cursor.execute(sql, [key])
    db.commit()
    return True


def update_by_id(key, name, singer):
    db = get_db()
    cursor = db.cursor()

    item = get_by_id(key)
    if item is None:
        return False

    sql = "UPDATE songs SET name = ?, singer = ? WHERE id = ?"
    cursor.execute(sql, [name, singer, key])
    db.commit()
    return True

2.4 Creating the application class

Create the main class responsible for handling the incoming requests from the client and interact with the database to show the results.

main.py

from faker import Faker
from flask import Flask, jsonify, request

import controller
from db import create_table

app = Flask(__name__)
faker = Faker()

RESOURCE_NOT_FOUND = "RESOURCE_NOT_FOUND"


# http get endpoint= http://localhost:8000/song/all
@app.route("/song/all", methods=["GET"])
def get_all():
    songs = controller.get_all()
    items = []
    for song in songs:
        items.append({"id": song[0], "name": song[1], "singer": song[2]})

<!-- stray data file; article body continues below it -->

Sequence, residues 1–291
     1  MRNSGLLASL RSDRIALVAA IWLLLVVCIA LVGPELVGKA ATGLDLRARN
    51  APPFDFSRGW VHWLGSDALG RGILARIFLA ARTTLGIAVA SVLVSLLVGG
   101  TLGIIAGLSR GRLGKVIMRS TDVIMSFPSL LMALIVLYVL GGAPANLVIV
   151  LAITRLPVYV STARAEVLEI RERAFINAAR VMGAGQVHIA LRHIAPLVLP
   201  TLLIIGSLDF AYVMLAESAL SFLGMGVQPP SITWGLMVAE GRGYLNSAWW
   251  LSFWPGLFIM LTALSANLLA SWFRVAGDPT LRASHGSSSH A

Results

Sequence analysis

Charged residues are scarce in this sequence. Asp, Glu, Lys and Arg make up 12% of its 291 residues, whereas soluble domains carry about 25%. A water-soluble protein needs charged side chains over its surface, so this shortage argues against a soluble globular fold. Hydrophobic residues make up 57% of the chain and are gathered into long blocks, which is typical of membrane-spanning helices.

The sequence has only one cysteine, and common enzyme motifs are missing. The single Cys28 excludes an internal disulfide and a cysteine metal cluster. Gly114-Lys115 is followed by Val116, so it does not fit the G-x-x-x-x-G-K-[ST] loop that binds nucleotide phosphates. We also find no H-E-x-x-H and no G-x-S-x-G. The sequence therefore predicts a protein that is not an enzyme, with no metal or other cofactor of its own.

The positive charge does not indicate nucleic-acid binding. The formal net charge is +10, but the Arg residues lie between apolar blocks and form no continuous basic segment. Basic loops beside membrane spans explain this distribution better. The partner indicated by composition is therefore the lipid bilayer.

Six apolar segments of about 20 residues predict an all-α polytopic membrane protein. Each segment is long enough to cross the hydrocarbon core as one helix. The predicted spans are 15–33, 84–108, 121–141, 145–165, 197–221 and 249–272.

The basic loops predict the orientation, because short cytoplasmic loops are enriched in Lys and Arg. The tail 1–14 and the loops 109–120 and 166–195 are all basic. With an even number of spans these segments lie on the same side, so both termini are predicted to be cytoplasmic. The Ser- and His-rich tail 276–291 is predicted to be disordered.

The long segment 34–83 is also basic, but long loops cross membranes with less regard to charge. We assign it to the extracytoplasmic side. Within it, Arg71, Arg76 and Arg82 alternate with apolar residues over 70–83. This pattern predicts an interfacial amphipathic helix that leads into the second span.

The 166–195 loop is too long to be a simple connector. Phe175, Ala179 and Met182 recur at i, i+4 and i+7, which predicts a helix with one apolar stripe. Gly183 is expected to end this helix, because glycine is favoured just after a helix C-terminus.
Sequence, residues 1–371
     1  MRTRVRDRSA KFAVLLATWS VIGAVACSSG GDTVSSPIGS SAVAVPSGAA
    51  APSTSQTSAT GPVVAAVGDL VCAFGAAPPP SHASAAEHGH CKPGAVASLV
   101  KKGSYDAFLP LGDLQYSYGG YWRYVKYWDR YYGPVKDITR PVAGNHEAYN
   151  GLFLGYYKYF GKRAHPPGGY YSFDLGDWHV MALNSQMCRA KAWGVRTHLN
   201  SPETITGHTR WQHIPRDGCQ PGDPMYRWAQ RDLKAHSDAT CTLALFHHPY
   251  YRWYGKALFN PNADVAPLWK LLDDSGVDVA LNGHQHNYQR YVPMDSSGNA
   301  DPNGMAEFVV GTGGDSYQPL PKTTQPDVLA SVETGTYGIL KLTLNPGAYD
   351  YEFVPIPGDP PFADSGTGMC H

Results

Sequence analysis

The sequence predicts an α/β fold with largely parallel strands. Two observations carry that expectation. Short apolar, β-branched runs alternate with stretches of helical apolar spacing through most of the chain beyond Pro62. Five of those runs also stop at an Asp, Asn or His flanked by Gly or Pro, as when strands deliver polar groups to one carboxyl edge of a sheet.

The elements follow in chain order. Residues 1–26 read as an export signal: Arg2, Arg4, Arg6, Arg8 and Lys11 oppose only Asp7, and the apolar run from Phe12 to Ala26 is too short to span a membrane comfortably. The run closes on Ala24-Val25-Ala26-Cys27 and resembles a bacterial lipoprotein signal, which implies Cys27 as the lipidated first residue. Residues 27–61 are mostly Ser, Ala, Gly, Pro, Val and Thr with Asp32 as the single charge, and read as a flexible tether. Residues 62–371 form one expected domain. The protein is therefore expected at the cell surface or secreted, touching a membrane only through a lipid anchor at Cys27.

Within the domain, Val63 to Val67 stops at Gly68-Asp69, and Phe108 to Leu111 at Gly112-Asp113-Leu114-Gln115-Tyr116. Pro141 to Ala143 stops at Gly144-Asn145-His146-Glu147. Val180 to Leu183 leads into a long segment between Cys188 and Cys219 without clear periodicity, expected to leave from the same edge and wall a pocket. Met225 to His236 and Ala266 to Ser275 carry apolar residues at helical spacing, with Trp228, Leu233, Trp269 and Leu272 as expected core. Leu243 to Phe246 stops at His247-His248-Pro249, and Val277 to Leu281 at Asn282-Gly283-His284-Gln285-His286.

return jsonify({"songs": items})


# http get endpoint= http://localhost:8000/song/1
@app.route("/song/", methods=["GET"])
def get_by_id(key):
    song = controller.get_by_id(key)
    if song is None:
        return jsonify({"msg": RESOURCE_NOT_FOUND})

    return jsonify({"id": song[0], "name": song[1], "singer": song[2]})


# http delete endpoint= http://localhost:8000/song/1
@app.route("/song/", methods=["DELETE"])
def delete_by_id(key):
    result = controller.delete_by_id(key)
    if not result:
        return jsonify({"msg": RESOURCE_NOT_FOUND})

    return jsonify(result)


# http put endpoint= http://localhost:8000/song/1
@app.route("/song/", methods=["PUT"])
def update_by_id(key):
    details = request.get_json()
    name = details["name"]
    singer = details["singer"]
    result = controller.update_by_id(key, name, singer)
    if not result:
        return jsonify({"msg": RESOURCE_NOT_FOUND})

    return jsonify(result)


if __name__ == '__main__':
    create_table()
    print("Table created")

    if controller.get_row_count() == 0: